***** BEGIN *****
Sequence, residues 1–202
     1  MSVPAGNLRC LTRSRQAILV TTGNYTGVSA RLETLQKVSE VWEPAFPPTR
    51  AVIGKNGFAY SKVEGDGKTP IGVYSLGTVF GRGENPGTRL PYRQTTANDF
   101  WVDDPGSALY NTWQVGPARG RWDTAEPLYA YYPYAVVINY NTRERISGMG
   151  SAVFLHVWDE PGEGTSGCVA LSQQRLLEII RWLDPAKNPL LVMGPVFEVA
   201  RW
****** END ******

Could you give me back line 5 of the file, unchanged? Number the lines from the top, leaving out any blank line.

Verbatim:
   151  SAVFLHVWDE PGEGTSGCVA LSQQRLLEII RWLDPAKNPL LVMGPVFEVA